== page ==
Several days ago, when The Visitors were still in town and we were wandering around Philadelphia, Max told me he needed to use the restroom. Actually, he wasn’t so tactful. He said, “I need to go poo!” It was said with a certain amount of urgency, so I left the group at the Liberty Bell and walked across the courtyard to the public restroom with him hopping along beside.
After locking ourselves in the private family restroom (those are my all-caps FAVORITE), Max plopped himself on the pot and within a few seconds it was clear—what he was working on was no ordinary poop.
How do I put this delicately? It was a…….personal struggle, if you will, a test of determination and endurance. We’ve all been there, right?
He was in labor for several minutes. I helped him with breathing exercises. I helped him focus when he wanted to give up. Eventually the hard work paid off with a simple splash in the water below. After taking care of business with the toilet paper, Max hopped off to pull up his pants and I ever-so-helpfully flushed the toilet.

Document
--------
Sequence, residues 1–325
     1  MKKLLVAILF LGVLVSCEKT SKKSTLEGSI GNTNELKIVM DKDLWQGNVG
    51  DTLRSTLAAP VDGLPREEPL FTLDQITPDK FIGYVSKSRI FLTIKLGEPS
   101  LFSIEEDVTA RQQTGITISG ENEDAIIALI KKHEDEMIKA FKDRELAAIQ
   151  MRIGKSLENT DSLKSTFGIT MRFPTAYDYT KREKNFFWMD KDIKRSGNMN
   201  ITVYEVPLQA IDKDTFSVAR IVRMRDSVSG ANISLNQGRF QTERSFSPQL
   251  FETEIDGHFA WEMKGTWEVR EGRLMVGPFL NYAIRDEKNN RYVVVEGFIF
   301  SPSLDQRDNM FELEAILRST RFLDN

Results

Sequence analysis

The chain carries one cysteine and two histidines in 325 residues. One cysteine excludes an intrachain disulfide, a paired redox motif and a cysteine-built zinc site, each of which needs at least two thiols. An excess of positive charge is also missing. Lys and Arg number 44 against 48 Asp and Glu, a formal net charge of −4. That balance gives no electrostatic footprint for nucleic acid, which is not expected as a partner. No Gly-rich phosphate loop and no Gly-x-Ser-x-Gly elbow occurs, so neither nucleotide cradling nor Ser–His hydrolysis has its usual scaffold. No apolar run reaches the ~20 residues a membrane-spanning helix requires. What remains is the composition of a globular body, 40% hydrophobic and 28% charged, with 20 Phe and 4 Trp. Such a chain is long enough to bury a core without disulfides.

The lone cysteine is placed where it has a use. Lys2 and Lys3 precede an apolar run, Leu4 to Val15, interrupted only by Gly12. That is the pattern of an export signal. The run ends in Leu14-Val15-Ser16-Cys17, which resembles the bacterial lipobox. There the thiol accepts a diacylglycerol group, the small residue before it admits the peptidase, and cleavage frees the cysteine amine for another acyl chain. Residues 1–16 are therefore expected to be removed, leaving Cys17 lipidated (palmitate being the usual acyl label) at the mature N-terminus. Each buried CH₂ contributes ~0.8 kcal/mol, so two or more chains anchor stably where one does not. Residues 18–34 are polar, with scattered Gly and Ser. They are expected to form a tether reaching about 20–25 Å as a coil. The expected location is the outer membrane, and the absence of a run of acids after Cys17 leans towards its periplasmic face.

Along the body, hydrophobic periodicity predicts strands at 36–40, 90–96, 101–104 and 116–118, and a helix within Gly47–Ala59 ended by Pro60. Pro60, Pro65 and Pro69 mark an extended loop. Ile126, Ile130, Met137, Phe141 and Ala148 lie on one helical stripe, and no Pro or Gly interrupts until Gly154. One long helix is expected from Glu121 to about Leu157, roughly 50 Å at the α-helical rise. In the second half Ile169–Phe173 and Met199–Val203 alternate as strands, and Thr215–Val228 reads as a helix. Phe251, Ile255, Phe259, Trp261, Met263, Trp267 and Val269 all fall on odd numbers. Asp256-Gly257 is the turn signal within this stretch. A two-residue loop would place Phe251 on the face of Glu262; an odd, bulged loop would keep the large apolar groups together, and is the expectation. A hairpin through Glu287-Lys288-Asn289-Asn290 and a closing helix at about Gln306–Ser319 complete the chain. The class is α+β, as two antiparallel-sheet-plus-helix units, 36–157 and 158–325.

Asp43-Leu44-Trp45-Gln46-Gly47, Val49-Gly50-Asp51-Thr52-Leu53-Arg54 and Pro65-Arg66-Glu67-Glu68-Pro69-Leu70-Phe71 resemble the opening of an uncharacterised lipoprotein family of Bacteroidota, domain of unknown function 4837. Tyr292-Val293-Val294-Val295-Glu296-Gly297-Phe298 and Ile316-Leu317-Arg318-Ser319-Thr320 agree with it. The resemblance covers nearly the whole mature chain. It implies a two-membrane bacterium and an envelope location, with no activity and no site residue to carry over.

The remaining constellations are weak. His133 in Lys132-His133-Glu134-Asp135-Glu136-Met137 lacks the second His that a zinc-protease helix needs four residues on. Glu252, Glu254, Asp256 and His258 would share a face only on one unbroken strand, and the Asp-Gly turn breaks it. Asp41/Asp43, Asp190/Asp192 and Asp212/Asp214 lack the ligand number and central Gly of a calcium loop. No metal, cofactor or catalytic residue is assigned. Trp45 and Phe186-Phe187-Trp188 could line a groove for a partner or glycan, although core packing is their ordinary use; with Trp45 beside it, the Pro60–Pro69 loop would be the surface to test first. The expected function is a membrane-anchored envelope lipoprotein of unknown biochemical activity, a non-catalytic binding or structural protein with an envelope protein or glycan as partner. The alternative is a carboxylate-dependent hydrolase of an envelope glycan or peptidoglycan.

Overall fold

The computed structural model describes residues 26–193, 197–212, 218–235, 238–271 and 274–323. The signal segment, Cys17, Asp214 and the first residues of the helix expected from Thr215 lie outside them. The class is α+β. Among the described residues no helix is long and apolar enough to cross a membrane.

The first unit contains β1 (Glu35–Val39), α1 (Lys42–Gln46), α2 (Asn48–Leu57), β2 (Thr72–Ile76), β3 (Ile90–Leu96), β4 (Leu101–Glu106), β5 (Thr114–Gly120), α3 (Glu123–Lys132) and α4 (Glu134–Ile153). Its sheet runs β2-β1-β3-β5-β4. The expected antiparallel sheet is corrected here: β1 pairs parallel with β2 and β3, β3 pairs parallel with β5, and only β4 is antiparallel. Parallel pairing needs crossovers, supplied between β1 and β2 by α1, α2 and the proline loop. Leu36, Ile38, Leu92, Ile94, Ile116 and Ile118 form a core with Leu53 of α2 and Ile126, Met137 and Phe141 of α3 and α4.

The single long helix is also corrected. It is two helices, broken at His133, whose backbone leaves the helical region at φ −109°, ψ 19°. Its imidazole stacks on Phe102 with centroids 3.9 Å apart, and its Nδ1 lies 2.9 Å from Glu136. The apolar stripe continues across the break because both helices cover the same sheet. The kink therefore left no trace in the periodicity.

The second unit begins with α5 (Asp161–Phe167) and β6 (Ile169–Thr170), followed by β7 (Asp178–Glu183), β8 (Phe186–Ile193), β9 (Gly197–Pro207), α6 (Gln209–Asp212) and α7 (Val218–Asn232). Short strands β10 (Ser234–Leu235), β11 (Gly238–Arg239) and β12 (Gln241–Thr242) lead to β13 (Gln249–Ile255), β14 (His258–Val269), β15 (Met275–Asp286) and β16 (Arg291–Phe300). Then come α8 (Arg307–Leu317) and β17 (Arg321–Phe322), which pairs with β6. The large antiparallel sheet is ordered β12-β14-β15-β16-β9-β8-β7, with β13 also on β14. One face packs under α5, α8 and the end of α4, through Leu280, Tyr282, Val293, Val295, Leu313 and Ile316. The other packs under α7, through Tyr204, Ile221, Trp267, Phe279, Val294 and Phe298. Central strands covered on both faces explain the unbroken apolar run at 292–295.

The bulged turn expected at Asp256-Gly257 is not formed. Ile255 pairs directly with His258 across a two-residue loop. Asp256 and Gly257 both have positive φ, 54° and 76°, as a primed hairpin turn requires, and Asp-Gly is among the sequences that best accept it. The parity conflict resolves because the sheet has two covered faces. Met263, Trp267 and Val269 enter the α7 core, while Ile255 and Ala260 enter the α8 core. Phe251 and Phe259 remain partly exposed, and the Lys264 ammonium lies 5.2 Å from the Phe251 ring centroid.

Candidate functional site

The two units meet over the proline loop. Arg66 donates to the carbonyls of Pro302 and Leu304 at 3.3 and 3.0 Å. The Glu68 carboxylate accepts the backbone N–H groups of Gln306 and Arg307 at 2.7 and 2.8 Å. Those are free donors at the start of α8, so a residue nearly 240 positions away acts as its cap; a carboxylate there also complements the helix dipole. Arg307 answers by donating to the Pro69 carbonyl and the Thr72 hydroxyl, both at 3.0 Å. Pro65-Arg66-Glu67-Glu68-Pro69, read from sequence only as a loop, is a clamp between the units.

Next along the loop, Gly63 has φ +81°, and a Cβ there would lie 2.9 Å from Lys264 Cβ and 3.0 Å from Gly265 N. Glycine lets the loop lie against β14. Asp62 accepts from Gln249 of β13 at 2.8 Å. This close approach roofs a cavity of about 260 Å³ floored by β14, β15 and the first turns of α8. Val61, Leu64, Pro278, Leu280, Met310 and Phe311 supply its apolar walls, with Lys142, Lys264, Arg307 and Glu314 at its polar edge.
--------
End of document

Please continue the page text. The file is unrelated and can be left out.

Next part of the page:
Max flipped around with a look of surprise.
“You flushed it?” he cried.
“Yeah,” I said with a shrug, “sorry. I didn’t know you wanted to flush.”
He peered down the porcelain bowl, deep into the tunnel, hoping to catch a glimpse of what he surely believed to be a ten-pound boulder. Suddenly I understood.
“Did you see it?” he asked.
“Was it BIG? And SPIKEY?”
Make that a ten-pound jagged boulder. The truth was irrelevant at this point. Why not help him develop a strong sense of personal accomplishment?
“Was it big like this?” He made a six-inch measurement with his hands, “Or like THIS?” His arms stretched out at their full span.
I nodded. “It was huge, Max. HUGE.”
“I thought so.”
We washed our hands, put his coat back on, and walked hand-in-hand back to the group as we discussed the benefits of fruits, vegetables, and dietary fiber as part of a healthy lifestyle.